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Comics 101
Art tips and techniques, reviews and interviews from my studio. Archived here and at World Famous Comics.

Comics 101 Archives

Comics 101 for 11/20/2003
Book Recommendations for Comic Book Artists and Creators
Dear Mr Corroney,

I just discovered your website through Tony Isabella's column and was wondering if you might devote one or two columns to books for the wanna be comic book artist. Books, that say give a guide to proportioning, anatomy, reference,just the kind of books that would be a help to readers. I mean your columns are very good and informative (not wanting to sound like I'm sucking up) but I like how you tell the story when it comes to your comic book work, straight to the point (ie, does not go overboard), yet still very stylish. BTW, I am thinking of taking out a subscription to Sketch, but I am kinda worried that I may have missed something important or that it may not contain the information I need. Could you give me some advice and info about the mag if you have the time.

Thanks for reading this, and these are only suggestions, I won't stop reading the column if you'd rather not implement them.

Sean
Hi Sean,

I'm glad you discovered me through Tony's Isabella's column. It means your reading both of us and it always makes me feel special to be mentioned in the same sentence with a gifted writer and a pro like Tony.

There are indeed some good books out there for comic book artists looking to get their foot in the door or improve their work. It was recently recommended to me by one of my students that HOW TO BREAK-IN TO THE COMIC BOOK BUSINESS! published by Blue Line Pro is a very good reads and is also very informative.

Here's the lowdown on the book...
There's a lot more to getting started in the comics business then writing, drawing and coloring! Learn the dos (and many don'ts) of becoming a professional comic book creator. From the first con visit to self-publishing to guiding the adventures of your favorite character, this book will show you the inside info you need in order to stand out from the crowd and realize your dreams. Get practical tips from established pros and struggling newcomers. Follow the story of three aspiring creators as they make their journey from fans to professionals. Issue #2 picks up where the first left off and focuses on the mecca of comic book meeting places: the convention. Get practical tips on how to present yourself to your peers, make valuable contacts, and build a solid fan base. Whether you plan to be a full-time comic pro or just want to see a glimpse behind the scenes, How To BREAK-IN to the Comic Book Business! will both entertain and inform. 32 pg. B&W $5.95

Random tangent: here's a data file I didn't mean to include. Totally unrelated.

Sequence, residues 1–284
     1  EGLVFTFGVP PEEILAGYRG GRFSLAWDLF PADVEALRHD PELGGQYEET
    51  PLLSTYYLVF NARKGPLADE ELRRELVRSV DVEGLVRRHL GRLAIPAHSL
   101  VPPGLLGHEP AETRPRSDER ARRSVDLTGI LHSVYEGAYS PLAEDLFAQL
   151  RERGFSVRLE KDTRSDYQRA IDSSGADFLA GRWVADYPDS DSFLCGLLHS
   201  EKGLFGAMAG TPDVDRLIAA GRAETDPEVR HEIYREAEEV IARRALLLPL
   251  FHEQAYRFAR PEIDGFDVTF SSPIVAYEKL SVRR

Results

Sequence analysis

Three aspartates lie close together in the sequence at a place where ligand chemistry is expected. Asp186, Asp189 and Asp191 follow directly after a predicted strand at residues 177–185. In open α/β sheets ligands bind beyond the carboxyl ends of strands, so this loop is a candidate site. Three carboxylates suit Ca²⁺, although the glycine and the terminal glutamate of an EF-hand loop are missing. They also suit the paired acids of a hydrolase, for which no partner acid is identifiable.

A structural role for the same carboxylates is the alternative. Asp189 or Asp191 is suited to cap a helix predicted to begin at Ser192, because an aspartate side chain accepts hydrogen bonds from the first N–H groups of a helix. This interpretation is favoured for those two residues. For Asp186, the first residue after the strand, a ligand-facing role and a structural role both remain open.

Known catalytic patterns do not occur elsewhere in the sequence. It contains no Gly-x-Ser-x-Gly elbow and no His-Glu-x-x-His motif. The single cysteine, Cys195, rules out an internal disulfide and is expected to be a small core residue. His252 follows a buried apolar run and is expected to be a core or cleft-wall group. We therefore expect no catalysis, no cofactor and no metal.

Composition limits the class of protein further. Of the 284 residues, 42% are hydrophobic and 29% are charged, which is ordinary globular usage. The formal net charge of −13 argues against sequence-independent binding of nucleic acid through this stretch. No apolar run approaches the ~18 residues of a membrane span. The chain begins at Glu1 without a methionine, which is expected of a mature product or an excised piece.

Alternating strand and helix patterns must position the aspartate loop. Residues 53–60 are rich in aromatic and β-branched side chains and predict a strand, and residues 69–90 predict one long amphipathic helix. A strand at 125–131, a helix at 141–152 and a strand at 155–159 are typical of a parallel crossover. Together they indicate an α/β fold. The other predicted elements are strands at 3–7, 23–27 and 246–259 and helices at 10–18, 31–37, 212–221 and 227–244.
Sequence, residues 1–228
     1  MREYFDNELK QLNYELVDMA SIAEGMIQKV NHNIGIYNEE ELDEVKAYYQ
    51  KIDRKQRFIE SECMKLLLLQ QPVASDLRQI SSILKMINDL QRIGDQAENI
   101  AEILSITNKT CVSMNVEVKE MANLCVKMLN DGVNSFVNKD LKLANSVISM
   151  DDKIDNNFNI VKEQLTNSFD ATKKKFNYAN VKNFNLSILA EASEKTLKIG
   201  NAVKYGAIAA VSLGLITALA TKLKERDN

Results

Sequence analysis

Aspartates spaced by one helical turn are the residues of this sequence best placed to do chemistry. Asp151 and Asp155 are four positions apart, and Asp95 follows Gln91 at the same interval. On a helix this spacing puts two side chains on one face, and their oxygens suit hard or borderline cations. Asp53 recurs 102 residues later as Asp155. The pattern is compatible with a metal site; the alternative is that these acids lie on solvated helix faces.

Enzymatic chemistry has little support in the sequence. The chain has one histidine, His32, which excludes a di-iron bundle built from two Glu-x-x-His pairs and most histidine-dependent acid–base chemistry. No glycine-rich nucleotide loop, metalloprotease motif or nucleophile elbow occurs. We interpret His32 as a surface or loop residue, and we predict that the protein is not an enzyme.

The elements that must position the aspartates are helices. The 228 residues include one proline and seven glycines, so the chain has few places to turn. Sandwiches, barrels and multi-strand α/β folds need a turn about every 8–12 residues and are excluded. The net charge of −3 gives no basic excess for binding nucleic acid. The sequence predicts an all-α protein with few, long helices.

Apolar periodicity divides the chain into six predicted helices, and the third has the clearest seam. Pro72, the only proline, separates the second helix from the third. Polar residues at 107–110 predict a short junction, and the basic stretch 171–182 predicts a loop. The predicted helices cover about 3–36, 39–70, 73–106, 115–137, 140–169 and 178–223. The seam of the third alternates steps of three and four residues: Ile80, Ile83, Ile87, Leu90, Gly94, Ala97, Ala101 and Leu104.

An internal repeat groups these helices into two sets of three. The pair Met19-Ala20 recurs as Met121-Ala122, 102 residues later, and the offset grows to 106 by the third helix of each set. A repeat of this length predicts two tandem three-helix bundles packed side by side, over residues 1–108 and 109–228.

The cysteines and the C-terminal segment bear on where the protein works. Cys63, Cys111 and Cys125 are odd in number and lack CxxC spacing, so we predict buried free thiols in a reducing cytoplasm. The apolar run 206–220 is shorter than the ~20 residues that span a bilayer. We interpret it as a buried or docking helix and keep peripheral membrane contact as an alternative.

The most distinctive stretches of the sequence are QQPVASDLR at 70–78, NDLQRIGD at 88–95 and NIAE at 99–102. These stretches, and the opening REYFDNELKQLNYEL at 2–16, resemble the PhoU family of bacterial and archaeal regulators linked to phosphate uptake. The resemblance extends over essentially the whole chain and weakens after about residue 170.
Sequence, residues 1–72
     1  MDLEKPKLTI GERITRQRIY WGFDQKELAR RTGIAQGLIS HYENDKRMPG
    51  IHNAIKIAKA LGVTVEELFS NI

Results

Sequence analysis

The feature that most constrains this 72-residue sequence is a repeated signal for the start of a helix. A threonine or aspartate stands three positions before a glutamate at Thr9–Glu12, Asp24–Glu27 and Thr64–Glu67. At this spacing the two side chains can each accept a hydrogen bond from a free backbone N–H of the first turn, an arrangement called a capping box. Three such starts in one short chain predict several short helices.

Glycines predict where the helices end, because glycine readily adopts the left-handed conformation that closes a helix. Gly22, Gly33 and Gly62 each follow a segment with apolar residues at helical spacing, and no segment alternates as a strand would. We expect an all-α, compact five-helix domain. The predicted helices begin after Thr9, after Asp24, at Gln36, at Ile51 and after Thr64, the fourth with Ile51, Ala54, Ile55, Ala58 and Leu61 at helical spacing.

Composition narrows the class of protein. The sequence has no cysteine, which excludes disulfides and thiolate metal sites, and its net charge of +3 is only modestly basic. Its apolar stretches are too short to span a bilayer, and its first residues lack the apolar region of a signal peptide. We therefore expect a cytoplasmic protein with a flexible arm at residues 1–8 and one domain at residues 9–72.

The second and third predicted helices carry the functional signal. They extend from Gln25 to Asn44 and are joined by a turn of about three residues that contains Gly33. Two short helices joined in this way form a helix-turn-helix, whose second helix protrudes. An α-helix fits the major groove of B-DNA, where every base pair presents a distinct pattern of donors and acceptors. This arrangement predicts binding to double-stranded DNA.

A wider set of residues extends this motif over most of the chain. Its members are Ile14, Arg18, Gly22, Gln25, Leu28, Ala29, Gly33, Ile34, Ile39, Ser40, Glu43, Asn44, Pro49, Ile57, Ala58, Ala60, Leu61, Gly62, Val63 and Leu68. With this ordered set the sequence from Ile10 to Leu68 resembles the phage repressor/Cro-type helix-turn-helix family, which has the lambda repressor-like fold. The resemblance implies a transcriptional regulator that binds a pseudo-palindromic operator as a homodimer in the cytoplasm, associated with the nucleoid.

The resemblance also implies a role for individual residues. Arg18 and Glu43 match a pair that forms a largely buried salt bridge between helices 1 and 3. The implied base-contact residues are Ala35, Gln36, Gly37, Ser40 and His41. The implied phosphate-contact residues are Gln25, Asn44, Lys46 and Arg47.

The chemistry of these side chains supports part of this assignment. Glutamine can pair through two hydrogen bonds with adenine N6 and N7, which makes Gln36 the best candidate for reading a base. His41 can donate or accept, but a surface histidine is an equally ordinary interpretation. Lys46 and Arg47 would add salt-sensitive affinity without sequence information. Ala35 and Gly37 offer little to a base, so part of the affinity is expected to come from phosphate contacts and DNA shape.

You can purchase both issue #1 and #2 of this book at the Blue Line Pro website here...

http://www.bluelinepro.com/

If you are serious about acquiring as much knowledge as possible about the comic book industry then you should really check out Sketch magazine. The information comes from real creators in the business so you can't beat that.

But if you are worried you may have missed something in a previous issue but don't want to shell out the cash for all of them or have trouble tracking a certain copy down then you should pick up a copy of THE BEST OF SKETCH MAGAZINE VOLUME #1 from my Stuff to Buy section. At a whopping 144 pages it contains a new interview with Top Cow artist Michael Turner along with selected re-mastered tutorials from some of Sketch's greatest issues which have been collected for this essential volume of instructional comic-book techniques. This timely information includes articles on penciling, digital coloring and inking as well as an early in-depth interview with the creator of Kabuki, the great David Mack.

For more specific reference books that I use in my everyday work and recommend to my own comic book class students, you should definitely check these out at your local library or pick them up if you have the funds since the information contained in these will serve you for years to come...
And it would benefit you to have an instructional perspective drawing workbook on hand at all times. In my comic book illustration course, along with figure drawing, I really stress the emphasis of perspective and structural drawing in comic books. The book that I use is published by our school but there are number of books out there you can find on the subject as well, and they are specifically geared for comic book artists.

Blue Line Pro also publishes such a book by comic book artist Patt Quinn called PERSPECTIVE FOR COMICS. It's a 48 page full color volume that reveals the mystery behind the techniques and principles of perceptive and fully breaks it down with step by step visuals. Simple concepts such as vanishing points and horizon lines are demonstrated as the basic framework for placing anything in perspective as well as creating time honored dynamic storytelling effects. All of this is achieved with complete and precise narratives complimented with hundreds of step by step illustrations that combine to construct a full understanding of perspective in comics. It retails for $12.95 and can also be purchased directly from the Blue Line Pro website.

Hope this information helps and puts you on track towards your comic book goals. And thanks for checking out my column!

Good luck!

-Joe

<< 11/13/2003 | 11/20/2003 | 11/27/2003 >>

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